AHS teachers coping with constant changes


Photo courtesy to Hannah Popish

The uncertain atmosphere due to COVID-19 has caused unsettling emotions within both the student body and the faculty.

Students at Aspen High School were invited to participate in a hybrid model that incorporated both in person and remote learning. This model broke students up into two different cohorts, which switch off being in person by week. This was a big change for students, as well as teachers who had to teach in-person students as well as virtually. The district has since decided to switch back to full remote learning.

An AHS Science teacher, Travis Moore, discovered a few issues with the new hybrid model within the first week but then was sent home due to COVID-19 exposure.
“I feel like we were just getting the hang of remote learning and the technology, timing, breakout room use when we switched to this new [hybrid] model,” Moore said.

Due to many students opting out of the in person learning option, cohort sizes varied from having nine or ten students in a class, to having one student in the classroom.

Unfortunately, the switch back to remote has made adjusting to the hybrid model difficult for teachers and students alike. Maile LaPenna, AHS English teacher, has three younger kids at home and is learning to juggle both teaching and parenting.

“My main stressors stem from the tug-of-war between being a good mother when my own children are at home and I am also attempting to host live classes and provide quality instruction. It is impossible to feel like I am succeeding at the level I want to in both areas,” LaPenna said.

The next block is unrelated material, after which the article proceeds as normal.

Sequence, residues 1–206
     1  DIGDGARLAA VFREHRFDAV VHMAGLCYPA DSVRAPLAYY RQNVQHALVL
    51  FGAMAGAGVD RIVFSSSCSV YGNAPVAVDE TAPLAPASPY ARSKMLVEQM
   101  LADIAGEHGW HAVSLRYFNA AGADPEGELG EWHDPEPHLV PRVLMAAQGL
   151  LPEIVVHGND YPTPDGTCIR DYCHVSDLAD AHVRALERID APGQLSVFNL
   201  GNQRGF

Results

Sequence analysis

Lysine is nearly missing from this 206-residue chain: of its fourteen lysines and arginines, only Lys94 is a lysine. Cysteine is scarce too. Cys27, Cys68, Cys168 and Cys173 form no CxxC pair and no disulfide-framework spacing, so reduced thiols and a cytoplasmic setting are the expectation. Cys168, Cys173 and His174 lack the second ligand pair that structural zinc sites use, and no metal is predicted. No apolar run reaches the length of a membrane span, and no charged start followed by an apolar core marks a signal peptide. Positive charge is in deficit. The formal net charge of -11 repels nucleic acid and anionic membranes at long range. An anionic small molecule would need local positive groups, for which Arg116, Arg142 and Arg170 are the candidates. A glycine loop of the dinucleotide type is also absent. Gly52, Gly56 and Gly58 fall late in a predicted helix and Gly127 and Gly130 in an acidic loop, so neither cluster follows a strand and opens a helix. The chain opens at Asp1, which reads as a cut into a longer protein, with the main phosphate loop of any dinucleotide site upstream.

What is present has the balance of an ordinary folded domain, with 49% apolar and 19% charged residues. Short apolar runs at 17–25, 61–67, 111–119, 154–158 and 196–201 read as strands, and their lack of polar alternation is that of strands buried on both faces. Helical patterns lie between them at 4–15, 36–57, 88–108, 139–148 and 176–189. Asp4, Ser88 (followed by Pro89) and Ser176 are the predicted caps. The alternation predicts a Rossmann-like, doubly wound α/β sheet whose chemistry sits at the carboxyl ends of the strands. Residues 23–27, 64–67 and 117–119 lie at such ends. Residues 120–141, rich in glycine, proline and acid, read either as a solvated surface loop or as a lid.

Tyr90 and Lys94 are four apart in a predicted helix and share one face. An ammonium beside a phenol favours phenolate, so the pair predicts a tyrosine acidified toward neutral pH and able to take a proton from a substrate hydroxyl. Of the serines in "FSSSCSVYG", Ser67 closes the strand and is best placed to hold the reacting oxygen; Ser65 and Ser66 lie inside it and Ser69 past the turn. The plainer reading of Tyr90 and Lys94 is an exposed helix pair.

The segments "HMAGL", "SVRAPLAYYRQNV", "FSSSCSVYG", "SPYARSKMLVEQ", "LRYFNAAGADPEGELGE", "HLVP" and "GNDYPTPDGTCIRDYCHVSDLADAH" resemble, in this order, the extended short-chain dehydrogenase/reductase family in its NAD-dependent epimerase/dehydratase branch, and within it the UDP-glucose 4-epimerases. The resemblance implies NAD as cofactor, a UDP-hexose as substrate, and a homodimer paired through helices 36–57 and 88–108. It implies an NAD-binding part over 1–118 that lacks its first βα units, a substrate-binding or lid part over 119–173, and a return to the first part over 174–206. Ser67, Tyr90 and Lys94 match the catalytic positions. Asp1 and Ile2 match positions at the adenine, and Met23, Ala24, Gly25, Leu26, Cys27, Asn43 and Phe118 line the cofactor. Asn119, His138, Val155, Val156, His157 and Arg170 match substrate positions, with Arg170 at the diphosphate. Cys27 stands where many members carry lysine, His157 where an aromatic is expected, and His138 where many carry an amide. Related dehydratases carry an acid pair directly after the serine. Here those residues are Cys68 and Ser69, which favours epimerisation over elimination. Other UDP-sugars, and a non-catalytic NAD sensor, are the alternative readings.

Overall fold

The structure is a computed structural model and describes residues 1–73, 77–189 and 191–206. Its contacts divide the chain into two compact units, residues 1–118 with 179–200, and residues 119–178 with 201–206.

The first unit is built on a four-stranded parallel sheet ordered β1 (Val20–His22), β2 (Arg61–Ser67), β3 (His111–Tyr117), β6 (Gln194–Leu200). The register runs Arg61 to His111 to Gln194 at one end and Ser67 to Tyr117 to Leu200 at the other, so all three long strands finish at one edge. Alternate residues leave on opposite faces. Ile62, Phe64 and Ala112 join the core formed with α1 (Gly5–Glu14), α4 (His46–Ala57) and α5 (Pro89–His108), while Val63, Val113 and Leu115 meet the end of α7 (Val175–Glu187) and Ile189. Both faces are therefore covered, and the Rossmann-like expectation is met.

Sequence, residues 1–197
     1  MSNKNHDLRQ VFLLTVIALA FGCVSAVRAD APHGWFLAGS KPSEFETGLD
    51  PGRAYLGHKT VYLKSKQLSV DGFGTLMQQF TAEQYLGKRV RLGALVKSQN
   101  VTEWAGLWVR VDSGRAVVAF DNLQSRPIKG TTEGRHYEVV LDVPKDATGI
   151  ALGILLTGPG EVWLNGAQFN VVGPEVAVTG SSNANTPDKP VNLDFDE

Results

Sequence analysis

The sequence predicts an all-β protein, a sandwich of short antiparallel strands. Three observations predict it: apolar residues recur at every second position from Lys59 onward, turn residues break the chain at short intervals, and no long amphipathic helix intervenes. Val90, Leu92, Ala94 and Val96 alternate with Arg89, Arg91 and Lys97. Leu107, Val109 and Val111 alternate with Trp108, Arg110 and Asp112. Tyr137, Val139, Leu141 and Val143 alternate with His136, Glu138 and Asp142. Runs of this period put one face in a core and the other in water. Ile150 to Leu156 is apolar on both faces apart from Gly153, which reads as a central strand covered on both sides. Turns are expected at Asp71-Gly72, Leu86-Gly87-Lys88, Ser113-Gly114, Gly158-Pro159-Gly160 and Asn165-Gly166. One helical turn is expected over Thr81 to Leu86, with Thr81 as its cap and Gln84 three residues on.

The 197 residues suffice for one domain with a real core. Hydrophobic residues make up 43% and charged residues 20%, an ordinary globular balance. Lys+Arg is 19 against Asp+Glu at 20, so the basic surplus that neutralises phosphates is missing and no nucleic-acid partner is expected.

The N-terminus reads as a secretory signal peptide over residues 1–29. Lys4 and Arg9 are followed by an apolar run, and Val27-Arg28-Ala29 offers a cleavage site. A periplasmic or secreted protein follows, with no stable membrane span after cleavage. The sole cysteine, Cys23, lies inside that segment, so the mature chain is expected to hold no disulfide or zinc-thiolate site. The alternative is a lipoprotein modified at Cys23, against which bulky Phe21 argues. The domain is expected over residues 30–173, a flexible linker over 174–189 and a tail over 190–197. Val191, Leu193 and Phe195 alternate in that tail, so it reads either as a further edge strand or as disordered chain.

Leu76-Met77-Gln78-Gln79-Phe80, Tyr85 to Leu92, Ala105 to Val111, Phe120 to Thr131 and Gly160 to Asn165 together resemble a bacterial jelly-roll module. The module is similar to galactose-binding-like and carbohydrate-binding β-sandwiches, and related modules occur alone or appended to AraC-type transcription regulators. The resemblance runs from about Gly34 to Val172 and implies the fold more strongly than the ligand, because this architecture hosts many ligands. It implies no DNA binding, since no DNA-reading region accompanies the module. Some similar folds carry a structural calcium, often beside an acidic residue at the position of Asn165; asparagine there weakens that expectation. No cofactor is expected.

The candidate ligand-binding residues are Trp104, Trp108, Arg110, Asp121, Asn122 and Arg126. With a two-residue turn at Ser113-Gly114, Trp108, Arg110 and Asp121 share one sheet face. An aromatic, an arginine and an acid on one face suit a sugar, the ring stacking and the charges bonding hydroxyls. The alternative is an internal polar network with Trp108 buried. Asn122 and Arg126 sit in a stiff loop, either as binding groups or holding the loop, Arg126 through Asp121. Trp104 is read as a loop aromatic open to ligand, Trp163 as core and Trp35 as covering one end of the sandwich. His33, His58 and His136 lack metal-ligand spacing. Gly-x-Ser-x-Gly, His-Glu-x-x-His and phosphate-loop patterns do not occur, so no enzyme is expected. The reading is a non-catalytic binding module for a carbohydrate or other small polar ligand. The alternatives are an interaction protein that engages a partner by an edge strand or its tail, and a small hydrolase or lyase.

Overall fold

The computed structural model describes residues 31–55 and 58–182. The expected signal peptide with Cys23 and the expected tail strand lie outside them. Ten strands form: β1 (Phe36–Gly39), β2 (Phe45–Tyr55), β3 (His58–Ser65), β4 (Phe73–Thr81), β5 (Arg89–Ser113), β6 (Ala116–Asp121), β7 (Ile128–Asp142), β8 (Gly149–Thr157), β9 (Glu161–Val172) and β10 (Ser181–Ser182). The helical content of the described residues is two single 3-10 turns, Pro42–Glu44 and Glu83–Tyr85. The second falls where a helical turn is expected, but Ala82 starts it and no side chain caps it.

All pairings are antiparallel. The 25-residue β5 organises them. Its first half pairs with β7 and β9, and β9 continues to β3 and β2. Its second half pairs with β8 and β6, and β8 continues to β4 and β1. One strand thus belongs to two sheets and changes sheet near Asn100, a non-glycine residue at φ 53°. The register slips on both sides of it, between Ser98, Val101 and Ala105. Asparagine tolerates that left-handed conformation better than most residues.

As COVID-19 cases rise across the nation, in-person learning is further complicated. However, AHS teachers have a positive outlook.

“It’s [ the hybrid model] all a huge learning curve- for teachers, students, and parents. It’s also a great opportunity to push your boundaries, step outside your comfort zone, and try new things,” Moore said.

The continuous changes don’t only allow for pushing boundaries and trying new things, but also chaos and frustration.

“The environment is dizzying, like being on a ride at an amusement park, at times it levels out and you can catch your breath, knowing what to expect, and then as soon as you get comfortable, the ground drops out and whoosh, back to fight or flight survival mode.” LaPenna said.

The district pushed back any potential for in-person learning until after Thanksgiving Break with hopes of doing hybrid learning for the two weeks between the end of Thanksgiving Break and the start of Winter Break. COVID-19 continues to force us to adapt and change which brings its own downfalls and benefits.

“Try and find the bright spots, cook delicious meals, play analog games with your loved ones, go on long walks and spend time on things that you have pushed aside that you are passionate about,” LaPenna said. “My perpetual hope is that we will emerge as more resilient people who do not take things for granted when this is all over.”